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How to Work with Tour Operators

A Collette tour, photo by Brian Jewell

If you’ve ever found yourself up to your neck in paperwork — drowning in proposals, confirmation numbers and deposits before your trip even begins — chances are that you weren’t using the services of a tour operator.

When planning any kind of travel that goes beyond daytrips or quick overnight getaways to nearby destinations, group leaders can benefit immensely from the expertise and experience of professional tour operators. For extended itineraries or trips abroad, tour operators can be indispensable, deftly handing currency, language and cultural challenges that would be a nightmare for amateur group leaders.

There are a number of great reasons to use a tour operator to help with your church group trips, from value and reliability to planning and marketing services. But with dozens of companies vying for your attention and many options to choose from when planning a tour, group leaders should think carefully when selecting a tour operator. Choosing wisely will make your trip a rewarding and relaxing experience.

[ Value and reliability ]
Tour operators offer a number of advantages to group travel planners, including a level of on-the-ground experience in destinations near and far that few individuals can match.

“Tour operators are simply tried-and-true and proven performers,” said Mike Schields, managing director for groups and emerging markets at the Globus family of brands. “The ground operations have already been tested, priced, packaged and performed. When you make arrangements yourself, you don’t know how they’re going to deliver. But we have product planners that do all of these things.”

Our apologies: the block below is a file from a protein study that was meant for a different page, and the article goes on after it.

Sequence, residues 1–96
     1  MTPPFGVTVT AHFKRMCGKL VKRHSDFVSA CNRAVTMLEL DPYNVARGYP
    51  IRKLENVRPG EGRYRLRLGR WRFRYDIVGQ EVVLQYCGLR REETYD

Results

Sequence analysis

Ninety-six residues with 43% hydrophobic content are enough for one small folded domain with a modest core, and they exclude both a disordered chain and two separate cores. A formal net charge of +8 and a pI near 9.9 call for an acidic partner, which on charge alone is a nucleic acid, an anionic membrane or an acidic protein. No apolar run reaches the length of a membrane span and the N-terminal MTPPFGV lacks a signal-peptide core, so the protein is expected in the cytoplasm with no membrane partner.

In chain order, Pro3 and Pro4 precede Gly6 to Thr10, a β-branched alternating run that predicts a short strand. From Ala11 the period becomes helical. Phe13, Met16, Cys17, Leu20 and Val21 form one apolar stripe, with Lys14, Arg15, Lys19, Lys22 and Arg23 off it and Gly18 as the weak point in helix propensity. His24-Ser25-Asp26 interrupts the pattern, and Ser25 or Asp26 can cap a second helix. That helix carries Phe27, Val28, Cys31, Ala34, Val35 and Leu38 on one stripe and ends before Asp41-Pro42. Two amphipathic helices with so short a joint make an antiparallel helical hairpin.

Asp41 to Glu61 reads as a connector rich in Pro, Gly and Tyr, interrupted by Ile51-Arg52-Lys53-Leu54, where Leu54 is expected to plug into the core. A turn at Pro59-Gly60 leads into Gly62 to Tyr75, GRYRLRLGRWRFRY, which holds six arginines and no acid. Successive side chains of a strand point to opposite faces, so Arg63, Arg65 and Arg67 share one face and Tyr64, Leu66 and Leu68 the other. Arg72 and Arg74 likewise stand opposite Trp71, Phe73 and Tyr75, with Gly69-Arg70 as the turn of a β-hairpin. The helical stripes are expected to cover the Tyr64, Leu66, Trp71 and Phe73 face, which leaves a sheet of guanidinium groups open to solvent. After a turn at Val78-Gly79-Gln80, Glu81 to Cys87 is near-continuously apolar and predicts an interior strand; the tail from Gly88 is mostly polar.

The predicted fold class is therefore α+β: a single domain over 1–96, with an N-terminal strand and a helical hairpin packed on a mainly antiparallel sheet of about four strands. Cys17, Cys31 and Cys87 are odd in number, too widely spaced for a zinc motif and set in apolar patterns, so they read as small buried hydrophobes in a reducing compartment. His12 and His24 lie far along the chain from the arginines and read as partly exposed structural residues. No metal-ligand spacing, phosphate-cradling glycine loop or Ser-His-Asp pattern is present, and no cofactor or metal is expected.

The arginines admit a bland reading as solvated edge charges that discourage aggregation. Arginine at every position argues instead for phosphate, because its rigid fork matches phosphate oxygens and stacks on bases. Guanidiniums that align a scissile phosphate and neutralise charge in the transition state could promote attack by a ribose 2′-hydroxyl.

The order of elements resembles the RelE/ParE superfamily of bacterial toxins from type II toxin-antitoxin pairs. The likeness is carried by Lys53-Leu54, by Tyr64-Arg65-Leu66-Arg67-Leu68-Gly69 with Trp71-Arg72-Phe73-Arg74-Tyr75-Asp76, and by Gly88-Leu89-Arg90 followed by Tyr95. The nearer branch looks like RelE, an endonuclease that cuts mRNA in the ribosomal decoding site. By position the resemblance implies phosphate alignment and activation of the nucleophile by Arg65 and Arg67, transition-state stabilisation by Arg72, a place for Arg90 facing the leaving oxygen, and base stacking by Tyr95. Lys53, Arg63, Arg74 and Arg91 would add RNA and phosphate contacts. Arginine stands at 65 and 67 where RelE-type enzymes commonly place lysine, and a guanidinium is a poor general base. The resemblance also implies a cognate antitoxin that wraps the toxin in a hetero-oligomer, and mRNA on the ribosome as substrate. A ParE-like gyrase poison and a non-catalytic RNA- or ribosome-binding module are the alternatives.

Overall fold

The benefits of this on-the-ground experience are hard to overstate: Tour operators work with the same hotels, restaurants, motorcoach companies and attractions over and over again. That means they will book your passengers with suppliers that have proven themselves with tour groups, providing reliable services year in and year out. In addition, a tour operator that runs a certain trip with regularity will have arranged and timed the itinerary in a manner that is most efficient and beneficial for your group.

Cost and value are also important considerations when working with tour operators. Although tour operators are effectively middlemen, and there is some markup in their package prices, the additional expense is often offset by the volume discounts they are able to secure from hotels and other suppliers.

“Group leaders get the benefit of a tour operator’s buying power, and that’s a big thing,” said Tony Etienne, vice president of business development at Collette Vacations. “We’re doing tours nonstop, operating in destinations on a year-round basis. It gives the group leader access to prices that they just can’t get on their own.”